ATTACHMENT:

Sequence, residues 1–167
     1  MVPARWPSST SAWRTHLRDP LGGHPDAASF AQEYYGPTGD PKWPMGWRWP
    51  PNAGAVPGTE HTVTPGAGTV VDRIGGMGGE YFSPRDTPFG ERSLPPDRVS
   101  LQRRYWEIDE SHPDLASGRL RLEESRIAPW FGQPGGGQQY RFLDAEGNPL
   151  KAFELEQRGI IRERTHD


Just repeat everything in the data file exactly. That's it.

Sequence, residues 1–167
     1  MVPARWPSST SAWRTHLRDP LGGHPDAASF AQEYYGPTGD PKWPMGWRWP
    51  PNAGAVPGTE HTVTPGAGTV VDRIGGMGGE YFSPRDTPFG ERSLPPDRVS
   101  LQRRYWEIDE SHPDLASGRL RLEESRIAPW FGQPGGGQQY RFLDAEGNPL
   151  KAFELEQRGI IRERTHD